Because Hollywood apparently likes to do things in pairs we were treated to two Hercules films in 2014 as if the world was clamouring for another sword and sandal epic starring everyone’s favourite familicide, that’s the murdering of one’s family for those not in the know, and shockingly enough this version actually touches on that aspect of the myth, well kind of.
Based on the graphic novel Hercules: The Thracian Wars this version is helmed by director Brett Ratner who is most known for directing the Rush Hour movies and not epic heroic period pieces so I went into this with heavy trepidations. I’ve yet to see any version of Hercules come close to the mythology so I was not expecting much from the guy who kneecapped the X-Men franchise, so colour me surprised when this turned out to be quite entertaining.
The movie begins with a narrator telling us how Hercules (Dwayne Johnson), son of the god Zeus and a mortal woman, tries to stay alive while the goddess Hera wants her husband’s bastard dead. The gods command Hercules to complete Twelve Labors of increasing danger and if he survives them Hera will finally allow him to live in peace. Apparently, Olympian paternity laws are really complex. We then get a brief montage of Hercules fighting the hydra, slaying the Erymanthian Boar and killing the indestructible Nemean lion. Pretty awesome right?
The film then cuts to our narrator (Reece Ritchie) hanging over a spike and being threatened by pirates. What we’ve been hearing is him telling these rogues the story of Hercules in the hopes that fear of this approaching demi-god would cause them to flee to parts unknown. They, of course, laugh at his feeble attempt to scare them off but then, clad in the skin of the Nemean lion, Hercules arrives and slays the pirates. But what’s this? He was not alone, Hercules actually has a posse of heroes on his side and it is with their help that he has achieved so many of his heroic deeds.
I am not a fan of the demystifying of fantasy stories; I just don’t see the need to give us “realistic” versions of King Arthur or the Trojan Wars, it’s like being given a bag of Halloween candy and then being told that all the sugar and sweets have been removed, but that said this movie treats the myth of Hercules as an elaborate propaganda machine used to wage psychological warfare on his enemies, and I must say that is pretty damn clever.
Hercules here is a mercenary and he and his pals are just trying to get enough gold together so that they can retire and live like kings, though Hercules just wants to find peace and quiet to hopefully forget his dark past. His dark past revolves around the time he worked for King Eurystheus (Joseph Fiennes) and when one horrible night he woke up to find out that he’d brutally murdered his wife and children. Since that ghastly night, he has been haunted by images of himself fighting Cerberus over the corpses of his family.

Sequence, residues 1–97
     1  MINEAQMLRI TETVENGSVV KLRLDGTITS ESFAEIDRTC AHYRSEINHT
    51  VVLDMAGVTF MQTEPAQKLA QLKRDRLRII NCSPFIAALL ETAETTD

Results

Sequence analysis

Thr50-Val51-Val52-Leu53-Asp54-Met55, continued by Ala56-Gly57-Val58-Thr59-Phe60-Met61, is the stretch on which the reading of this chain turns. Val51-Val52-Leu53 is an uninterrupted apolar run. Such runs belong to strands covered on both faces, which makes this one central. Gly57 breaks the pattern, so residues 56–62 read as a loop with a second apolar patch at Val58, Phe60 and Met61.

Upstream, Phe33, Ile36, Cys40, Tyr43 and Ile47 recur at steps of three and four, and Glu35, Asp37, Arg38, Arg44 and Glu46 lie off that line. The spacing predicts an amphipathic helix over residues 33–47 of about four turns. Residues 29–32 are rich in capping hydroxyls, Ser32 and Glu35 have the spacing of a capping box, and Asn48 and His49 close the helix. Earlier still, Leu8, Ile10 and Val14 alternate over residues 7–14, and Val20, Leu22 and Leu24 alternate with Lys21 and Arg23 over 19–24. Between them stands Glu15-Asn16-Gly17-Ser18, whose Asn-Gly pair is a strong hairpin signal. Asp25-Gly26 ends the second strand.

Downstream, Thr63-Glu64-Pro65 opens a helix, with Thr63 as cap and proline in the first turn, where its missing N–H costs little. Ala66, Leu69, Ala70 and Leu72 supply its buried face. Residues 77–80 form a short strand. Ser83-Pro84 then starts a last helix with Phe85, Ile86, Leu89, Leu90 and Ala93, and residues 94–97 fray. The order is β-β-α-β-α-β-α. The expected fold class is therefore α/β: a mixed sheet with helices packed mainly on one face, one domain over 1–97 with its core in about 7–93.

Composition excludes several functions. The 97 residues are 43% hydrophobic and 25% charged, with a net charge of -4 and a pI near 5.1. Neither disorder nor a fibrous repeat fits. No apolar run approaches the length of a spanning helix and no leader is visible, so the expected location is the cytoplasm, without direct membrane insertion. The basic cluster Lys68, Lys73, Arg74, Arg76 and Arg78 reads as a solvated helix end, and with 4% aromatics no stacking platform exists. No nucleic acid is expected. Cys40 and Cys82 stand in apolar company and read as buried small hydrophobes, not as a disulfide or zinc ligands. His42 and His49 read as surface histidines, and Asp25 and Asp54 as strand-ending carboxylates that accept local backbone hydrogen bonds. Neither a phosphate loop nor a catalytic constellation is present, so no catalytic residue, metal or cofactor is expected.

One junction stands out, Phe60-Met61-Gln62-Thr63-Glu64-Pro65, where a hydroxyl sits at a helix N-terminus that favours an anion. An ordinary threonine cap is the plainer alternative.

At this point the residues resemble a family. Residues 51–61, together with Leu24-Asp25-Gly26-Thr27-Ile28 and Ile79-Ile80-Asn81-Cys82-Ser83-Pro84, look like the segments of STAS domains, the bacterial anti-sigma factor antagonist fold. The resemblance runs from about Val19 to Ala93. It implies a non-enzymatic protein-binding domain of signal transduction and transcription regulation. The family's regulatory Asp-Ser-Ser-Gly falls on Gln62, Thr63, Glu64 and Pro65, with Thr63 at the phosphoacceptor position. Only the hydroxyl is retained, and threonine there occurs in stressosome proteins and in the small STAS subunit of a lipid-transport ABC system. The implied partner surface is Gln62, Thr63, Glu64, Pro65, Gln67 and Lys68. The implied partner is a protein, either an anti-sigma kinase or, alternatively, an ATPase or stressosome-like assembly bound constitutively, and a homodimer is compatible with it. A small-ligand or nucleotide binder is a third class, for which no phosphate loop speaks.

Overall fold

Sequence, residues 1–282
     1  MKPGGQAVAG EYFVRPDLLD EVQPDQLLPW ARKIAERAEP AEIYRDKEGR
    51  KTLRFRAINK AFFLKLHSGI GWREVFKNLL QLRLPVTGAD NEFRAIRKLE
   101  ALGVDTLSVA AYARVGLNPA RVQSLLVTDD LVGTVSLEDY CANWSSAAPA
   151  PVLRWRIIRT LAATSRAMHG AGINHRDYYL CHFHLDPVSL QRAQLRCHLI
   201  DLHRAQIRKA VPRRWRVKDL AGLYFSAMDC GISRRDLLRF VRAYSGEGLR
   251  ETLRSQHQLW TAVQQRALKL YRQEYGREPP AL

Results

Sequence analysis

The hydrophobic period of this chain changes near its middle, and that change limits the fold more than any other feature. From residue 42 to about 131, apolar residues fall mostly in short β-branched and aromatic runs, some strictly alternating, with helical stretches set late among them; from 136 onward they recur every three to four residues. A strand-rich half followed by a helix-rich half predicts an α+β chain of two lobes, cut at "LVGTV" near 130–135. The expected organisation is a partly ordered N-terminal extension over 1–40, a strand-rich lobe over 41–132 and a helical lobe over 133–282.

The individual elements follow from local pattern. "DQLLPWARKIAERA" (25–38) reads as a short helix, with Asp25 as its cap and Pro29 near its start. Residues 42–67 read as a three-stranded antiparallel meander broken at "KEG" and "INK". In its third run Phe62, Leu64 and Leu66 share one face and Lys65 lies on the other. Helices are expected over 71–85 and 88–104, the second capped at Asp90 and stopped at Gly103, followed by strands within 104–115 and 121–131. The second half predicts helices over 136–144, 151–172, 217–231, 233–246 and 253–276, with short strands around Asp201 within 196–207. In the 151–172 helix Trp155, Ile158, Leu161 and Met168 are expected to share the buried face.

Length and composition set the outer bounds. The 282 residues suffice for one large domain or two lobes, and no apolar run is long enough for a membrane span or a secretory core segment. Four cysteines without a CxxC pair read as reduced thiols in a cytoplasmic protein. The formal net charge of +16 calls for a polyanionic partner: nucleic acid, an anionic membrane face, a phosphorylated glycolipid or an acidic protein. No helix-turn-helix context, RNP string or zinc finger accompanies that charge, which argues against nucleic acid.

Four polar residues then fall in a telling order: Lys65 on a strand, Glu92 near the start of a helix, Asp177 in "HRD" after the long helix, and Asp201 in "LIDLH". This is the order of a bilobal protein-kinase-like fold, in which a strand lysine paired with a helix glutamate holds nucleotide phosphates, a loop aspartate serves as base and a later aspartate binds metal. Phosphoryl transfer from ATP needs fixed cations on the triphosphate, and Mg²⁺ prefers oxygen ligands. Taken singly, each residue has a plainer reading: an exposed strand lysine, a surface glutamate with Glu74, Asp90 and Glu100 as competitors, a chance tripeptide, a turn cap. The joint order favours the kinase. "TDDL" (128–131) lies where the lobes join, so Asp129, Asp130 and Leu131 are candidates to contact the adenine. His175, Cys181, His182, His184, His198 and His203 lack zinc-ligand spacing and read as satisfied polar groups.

So when the lovely Ergenia (Rebecca Ferguson) comes to Herc and friends on behalf of her father Lord Cotys (John Hurt), who will pay their weight in gold for helping them, this seems like a dream come true. The problem is that Lord Cotys is ruling over Thrace, a city torn by civil war and threatened by a tyrannical warlord Rhesus (Tobias Santelmann), who apparently leads an army of centaurs and mind-controlled madmen. All Cotys has left to fight this monster is a bunch of farmers and he wants Hercules to shape them into a fighting force that he can lead against Rhesus and save all of Thrace.
Does Hercules have the time it takes to show these farmers how to fight and learn the importance of The Shield Wall? Does the evil Rhesus actually have magical powers and centaurs on his side? Is Lord Cotys on the up and up or is there treachery in the works? Did Hercules murder his family or was he the victim of an elaborate frame job? All these questions are answered in a rather fun romp led by the ever-charismatic Dwayne Johnson.
Though this movie is a “realistic” version of the Hercules story it still has the Greek strongman throwing a horse through the air with one arm and has him tipping over temples that would have given Samson a hernia. So realistic is being used here in the broadest sense of the word. Most of the time this works because Dwayne Johnson seems to be having so much fun with the part, but still, moments like when we discover that the Hydra was just a bunch of dudes in serpent masks are kind of lame. On the plus side, Hercules has some great character actors on his side as in the case of the seer Amphiaraus (Ian McShane) and his childhood friend Autolycus (Rufus Sewell) as well as hot Amazon archer Atalanta (Ingrid Bolsø Berdal), and berserker and man of few words Tydeus (Aksel Hennie).
This movie is leaps and bounds better than The Legend of Hercules, which sadly hit theatres first thus probably muddying the waters and hurting the box office for this one, but now you can catch it on Blu-ray and Blu-ray 3D and it is well worth your time.
Dwayne Johnson lobbied for the part of Hercules for years and it’s his charismatic screen presence that elevates this above others of its ilk. Though I’m not a fan of “realistic” versions of fantasy stories this one was tons of fun.